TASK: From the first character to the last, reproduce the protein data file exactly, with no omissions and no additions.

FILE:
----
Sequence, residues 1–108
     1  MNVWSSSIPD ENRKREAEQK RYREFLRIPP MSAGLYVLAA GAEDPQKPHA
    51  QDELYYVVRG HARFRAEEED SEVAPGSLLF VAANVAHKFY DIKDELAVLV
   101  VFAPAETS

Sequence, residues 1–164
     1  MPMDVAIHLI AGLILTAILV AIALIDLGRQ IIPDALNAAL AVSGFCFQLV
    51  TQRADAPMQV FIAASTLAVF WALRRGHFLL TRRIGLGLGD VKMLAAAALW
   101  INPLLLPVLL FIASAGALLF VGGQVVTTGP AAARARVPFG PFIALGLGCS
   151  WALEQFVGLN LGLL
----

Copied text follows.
Sequence, residues 1–108
     1  MNVWSSSIPD ENRKREAEQK RYREFLRIPP MSAGLYVLAA GAEDPQKPHA
    51  QDELYYVVRG HARFRAEEED SEVAPGSLLF VAANVAHKFY DIKDELAVLV
   101  VFAPAETS

Sequence, residues 1–164
     1  MPMDVAIHLI AGLILTAILV AIALIDLGRQ IIPDALNAAL AVSGFCFQLV
    51  TQRADAPMQV FIAASTLAVF WALRRGHFLL TRRIGLGLGD VKMLAAAALW
   101  INPLLLPVLL FIASAGALLF VGGQVVTTGP AAARARVPFG PFIALGLGCS
   151  WALEQFVGLN LGLL